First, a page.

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Monday, April 25, 2016

In 'Marie Antoinette' at Dobama, a Rock ‘em, Sock 'em Version of the Doomed Royal

Posted By on Mon, Apr 25, 2016 at 8:37 AM

click to enlarge STEVE WAGNER PHOTOGRAPHY
  • Steve Wagner Photography
Apparently, it is part of the human condition to be entranced by showy splurges of wealth by people who are not very bright yet weirdly popular with certain segments of the public. Yes, I’m talking about Donald Trump, and who isn’t! In the April 25 issue of the usually staid The New Yorker, all of the cartoons are Trump-themed. Gah!

If we’re looking for an antecedent to the Trump phenomenon in history, perhaps we have it in the story of the 18th-century French queen who lived fast and crashed hard. In Marie Antoinette, the dazzlingly produced show now on the boards at Dobama Theatre, the basic storyline is rolled out: A young and profligate queen who said “Let them eat cake!” was eventually decapitated.

But the script by David Adjmi is all 21st century, chock full of self-awareness, in-jokes and psychoanalytic references. This is matched by director Nathan Motta’s vigorous staging, which emphasizes a pounding sound design by Richard Ingraham and in-your-face projections designed by Mike Tutaj. This all combines for a fast and blustery ride in the first act, as we watch Marie and her doofus husband Louis XVI putter through their luxury-laden lives with nary a care.

Bedecked in a towering Marge Simpson hairdo and wearing sumptuous raiment designed by Tessia Dugan Benson, we watch Marie try to negotiate the royal life she was tossed into at age 14. And she handles it about as well as most 9th-graders would, indulging in sweets and complaining about limp Louis. She even wants him to get circumcised to speed up the production of an heir.

True to a teenager, she confides in an imaginary friend, a talking sheep she chats with while in her castle’s rustic little retreat, where she samples life as it’s lived outside the pearly gates of Versailles. She also dallies with a studly Swedish nobleman (the ripped and ready Joe Pine), since her hubby is busy in his workshop tinkering with clocks.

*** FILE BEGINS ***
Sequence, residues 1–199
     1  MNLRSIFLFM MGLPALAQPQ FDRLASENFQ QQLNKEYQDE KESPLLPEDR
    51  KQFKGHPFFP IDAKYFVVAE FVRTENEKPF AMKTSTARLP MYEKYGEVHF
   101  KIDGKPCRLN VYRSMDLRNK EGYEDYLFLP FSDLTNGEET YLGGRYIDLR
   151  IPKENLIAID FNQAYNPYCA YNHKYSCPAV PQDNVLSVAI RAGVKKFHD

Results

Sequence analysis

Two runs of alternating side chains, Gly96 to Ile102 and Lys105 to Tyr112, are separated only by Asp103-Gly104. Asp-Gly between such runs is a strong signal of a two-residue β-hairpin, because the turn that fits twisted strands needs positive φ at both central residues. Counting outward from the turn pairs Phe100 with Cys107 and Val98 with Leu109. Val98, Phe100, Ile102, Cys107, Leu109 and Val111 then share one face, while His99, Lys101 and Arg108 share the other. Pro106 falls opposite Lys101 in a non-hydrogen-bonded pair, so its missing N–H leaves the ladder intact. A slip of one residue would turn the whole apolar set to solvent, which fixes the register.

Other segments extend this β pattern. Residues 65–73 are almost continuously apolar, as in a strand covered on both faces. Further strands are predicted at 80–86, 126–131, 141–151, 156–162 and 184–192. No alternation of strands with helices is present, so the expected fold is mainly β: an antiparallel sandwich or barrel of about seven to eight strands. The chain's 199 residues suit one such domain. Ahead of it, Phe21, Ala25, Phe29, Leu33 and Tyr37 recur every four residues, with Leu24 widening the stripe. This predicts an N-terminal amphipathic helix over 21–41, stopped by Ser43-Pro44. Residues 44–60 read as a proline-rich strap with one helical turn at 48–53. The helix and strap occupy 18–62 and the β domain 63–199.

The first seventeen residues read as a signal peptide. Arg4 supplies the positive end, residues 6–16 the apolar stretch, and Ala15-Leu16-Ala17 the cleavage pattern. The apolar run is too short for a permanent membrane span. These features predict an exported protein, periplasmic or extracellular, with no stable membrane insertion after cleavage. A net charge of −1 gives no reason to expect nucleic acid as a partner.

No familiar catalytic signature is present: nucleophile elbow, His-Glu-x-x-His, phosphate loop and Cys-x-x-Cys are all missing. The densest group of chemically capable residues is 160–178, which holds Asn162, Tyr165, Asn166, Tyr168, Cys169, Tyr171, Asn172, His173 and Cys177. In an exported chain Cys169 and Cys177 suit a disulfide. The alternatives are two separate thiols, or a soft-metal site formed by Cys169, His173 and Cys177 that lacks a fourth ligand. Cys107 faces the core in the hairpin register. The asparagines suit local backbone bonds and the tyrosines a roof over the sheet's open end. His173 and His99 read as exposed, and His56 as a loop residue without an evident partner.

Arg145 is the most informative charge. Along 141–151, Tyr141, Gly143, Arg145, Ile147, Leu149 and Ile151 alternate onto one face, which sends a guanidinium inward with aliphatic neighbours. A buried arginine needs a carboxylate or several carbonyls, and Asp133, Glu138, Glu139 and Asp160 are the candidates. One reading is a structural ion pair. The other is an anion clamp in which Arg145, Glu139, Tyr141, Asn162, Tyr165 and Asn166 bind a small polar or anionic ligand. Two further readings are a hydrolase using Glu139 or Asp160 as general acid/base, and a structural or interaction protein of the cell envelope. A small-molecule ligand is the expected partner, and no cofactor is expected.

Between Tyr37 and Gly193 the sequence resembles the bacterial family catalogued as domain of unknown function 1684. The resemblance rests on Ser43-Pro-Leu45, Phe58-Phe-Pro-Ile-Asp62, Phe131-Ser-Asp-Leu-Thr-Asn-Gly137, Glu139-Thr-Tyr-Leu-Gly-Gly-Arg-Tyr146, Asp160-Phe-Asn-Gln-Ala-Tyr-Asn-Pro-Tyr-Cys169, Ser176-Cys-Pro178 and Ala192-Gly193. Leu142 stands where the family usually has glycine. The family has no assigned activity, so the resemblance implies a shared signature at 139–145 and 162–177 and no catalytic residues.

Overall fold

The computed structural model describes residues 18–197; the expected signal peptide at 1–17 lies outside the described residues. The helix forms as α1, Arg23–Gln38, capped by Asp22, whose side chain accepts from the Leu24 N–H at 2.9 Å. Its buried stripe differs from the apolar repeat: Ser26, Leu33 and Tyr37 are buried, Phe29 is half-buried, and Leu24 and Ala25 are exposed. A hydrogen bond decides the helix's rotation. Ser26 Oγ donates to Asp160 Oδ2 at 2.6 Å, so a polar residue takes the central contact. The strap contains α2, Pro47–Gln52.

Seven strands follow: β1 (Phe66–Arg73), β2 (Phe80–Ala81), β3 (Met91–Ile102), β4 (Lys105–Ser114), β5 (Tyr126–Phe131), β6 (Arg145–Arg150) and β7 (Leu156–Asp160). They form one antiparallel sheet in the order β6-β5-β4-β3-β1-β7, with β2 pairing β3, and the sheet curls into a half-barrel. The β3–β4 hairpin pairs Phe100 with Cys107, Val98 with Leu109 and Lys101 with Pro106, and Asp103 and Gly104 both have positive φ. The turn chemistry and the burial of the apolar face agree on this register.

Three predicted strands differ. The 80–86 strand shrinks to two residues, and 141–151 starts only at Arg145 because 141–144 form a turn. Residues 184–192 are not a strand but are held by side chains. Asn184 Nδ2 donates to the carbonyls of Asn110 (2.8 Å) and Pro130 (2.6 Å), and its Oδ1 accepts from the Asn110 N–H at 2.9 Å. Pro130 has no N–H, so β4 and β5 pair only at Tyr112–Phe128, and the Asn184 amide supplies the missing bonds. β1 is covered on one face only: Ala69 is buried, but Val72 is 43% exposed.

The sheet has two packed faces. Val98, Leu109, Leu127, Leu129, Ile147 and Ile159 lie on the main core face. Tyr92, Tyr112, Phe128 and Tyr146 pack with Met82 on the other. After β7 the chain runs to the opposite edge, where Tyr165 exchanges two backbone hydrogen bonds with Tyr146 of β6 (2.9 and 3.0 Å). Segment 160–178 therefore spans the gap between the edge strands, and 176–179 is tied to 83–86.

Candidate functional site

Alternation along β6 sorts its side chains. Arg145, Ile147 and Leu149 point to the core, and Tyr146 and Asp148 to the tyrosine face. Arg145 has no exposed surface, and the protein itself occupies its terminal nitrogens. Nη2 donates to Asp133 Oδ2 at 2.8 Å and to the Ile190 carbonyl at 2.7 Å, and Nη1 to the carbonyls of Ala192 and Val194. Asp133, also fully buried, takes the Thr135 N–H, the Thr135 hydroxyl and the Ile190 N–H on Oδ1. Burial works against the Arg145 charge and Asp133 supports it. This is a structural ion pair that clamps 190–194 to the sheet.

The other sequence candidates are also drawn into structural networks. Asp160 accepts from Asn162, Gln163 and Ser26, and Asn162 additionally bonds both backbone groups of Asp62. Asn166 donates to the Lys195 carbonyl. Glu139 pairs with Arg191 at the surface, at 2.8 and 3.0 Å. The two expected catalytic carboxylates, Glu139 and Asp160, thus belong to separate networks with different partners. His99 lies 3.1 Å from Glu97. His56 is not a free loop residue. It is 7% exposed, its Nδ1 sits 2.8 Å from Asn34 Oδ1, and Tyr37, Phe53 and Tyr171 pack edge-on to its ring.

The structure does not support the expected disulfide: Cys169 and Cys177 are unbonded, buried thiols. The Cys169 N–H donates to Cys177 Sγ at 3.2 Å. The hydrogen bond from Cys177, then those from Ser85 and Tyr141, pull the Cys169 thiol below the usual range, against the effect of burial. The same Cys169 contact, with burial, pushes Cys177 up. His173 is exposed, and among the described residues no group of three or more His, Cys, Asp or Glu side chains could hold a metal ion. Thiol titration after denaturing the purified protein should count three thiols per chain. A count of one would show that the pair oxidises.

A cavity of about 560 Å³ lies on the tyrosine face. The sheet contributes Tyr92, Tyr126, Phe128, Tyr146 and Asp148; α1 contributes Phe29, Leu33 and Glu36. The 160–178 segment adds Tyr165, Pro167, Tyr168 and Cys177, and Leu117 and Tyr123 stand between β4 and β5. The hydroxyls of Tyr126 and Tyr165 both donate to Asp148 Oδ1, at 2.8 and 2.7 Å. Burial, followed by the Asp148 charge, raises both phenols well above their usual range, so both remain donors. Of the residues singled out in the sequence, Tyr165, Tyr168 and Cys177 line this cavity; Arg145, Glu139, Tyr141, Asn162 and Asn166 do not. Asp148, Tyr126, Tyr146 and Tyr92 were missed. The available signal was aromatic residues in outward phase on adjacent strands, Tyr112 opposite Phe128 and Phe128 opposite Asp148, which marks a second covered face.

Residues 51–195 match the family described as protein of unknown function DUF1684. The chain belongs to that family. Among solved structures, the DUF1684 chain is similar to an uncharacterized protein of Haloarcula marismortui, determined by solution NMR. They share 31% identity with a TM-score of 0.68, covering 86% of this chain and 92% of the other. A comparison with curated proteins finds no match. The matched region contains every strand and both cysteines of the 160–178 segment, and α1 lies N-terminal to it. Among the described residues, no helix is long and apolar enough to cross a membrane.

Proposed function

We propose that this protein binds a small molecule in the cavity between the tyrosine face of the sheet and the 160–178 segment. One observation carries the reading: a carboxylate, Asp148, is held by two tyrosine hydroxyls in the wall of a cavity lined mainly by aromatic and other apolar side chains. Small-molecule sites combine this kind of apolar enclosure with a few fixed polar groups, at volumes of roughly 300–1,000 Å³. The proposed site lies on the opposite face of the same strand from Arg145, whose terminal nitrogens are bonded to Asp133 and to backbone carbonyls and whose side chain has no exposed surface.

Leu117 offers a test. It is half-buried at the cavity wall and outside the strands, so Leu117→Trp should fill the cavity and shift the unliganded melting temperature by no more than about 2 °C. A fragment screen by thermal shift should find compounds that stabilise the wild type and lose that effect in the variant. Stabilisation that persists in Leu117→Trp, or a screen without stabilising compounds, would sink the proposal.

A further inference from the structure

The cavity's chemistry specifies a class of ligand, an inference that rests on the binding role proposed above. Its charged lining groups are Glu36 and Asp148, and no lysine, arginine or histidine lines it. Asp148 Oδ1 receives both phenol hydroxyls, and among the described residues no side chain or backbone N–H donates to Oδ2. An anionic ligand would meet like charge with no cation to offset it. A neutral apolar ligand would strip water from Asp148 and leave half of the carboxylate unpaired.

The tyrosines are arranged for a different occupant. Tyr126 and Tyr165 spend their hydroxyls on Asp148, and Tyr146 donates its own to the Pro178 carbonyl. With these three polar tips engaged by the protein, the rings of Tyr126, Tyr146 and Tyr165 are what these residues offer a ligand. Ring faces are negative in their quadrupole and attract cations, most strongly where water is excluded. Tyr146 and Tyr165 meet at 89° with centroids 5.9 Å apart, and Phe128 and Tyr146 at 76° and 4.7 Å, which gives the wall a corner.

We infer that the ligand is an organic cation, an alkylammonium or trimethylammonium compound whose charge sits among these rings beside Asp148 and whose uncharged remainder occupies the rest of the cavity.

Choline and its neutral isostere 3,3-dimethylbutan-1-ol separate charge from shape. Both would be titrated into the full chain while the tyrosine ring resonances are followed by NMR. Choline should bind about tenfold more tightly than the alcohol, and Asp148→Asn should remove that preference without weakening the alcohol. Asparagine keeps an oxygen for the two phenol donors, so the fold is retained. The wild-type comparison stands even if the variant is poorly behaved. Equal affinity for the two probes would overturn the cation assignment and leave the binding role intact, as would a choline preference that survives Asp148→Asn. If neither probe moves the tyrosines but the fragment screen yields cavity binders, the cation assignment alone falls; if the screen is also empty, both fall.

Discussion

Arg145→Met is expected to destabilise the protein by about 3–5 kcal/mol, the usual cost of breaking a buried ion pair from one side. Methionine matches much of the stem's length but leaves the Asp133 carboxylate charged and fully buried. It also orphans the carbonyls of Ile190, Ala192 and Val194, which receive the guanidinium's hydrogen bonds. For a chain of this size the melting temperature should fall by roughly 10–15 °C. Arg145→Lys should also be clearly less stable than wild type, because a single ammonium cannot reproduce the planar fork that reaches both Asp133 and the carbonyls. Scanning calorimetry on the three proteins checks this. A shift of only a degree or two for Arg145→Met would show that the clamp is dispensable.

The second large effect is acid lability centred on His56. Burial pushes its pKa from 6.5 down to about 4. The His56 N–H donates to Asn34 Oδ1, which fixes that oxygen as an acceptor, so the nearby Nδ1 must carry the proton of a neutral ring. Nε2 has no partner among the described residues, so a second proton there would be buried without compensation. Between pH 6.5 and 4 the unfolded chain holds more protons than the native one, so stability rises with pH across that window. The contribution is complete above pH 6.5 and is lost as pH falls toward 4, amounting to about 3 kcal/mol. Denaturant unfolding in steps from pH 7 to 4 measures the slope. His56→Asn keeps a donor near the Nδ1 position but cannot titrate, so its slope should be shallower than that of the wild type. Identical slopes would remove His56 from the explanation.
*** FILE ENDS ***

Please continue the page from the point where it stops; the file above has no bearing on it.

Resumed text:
As entertaining as all this is, we never get a fix on who Marie really is beneath the frou-frou and flan. And that problem extends into Act Two, when the situation gets progressively more serious for Loopy Lou and Marie. Taken prisoner by Robespierre’s radicals, it’s a steady slide into pain and obscurity for the former King and Queen, and their son, the Dauphin (Easton Sumlin).

As Marie, the fine actor Carly Germany does most of the heavy lifting since she’s on stage for virtually the whole show. And she turns in a performance that is entirely professional in every aspect. But Germany is given a task that is vexing indeed, since she is called upon to be a cartoon figure early on and then morph into an almost-middle-aged woman grappling with monumental philosophical and political issues as the French Revolution explodes around her. Adjmi’s script doesn’t quite make that click, even though Germany manages to conquer it in fits and starts.

Germany is well supported by other actors. As the laughable Louis, Dan Hendrock is an absolute riot as he channels Buster Bluth from Arrested Development and Gary Walsh, the personal aide from Veep, creating his own unique version of male impotence and incompetence.

Lara Mielcarek doesn’t just steal the show whenever she’s on stage in her two brief roles. She packs the audience into a small suitcase where we can’t escape and can’t take our eyes off her. First she amuses as the quite daft yet perhaps scheming Yolande de Polignac, one of Marie’s powdered and cosseted sycophants. And later, she returns with a fearsome underbite as mean and IQ-challenged Mrs. Sauce. She is a shopkeeper (along with Robert Hunter as her hubby) who, in just a few words, crafts a fearsome presence. Indeed, Mielcarek is so quietly and exuberantly scary as Mrs. Sauce, she makes Mrs. Lovett, the baker of human meat pies in Sweeney Todd, seem as unthreatening as Betty Crocker.

As the talking sheep inside Marie’s head, Abraham Adams swans about like a terminally bored Noel Coward as he comments on Marie’s shortcomings and warns her of restlessness in the countryside. But Adams’ schtick grows a bit tired by the second act, when a slightly different approach might be appropriate.

Strong performances are also turned in by Ryan Zarecki as a revolutionary guard who torments Marie in her final days, and Rachel Lee Kolis as Marie’s gal pal Therese and then as a Royalist.

From the staging angle alone, Dobama’s Marie Antoinette is a blockbuster. But the playwright’s pro forma discussion of weighty issues at the end feels a little too pat and entirely out-of-synch with the rest of the script. You want to have fun with Marie again, go ahead. But then don’t try to turn her into a Dr. Phil-style victim of family expectations or a faux-Hannah Arendt in the last few moments.

Marie Antoinette
Through May 22 at Dobama Theatre, 2340 Lee Road, Cleveland Heights, 216-932-3396.



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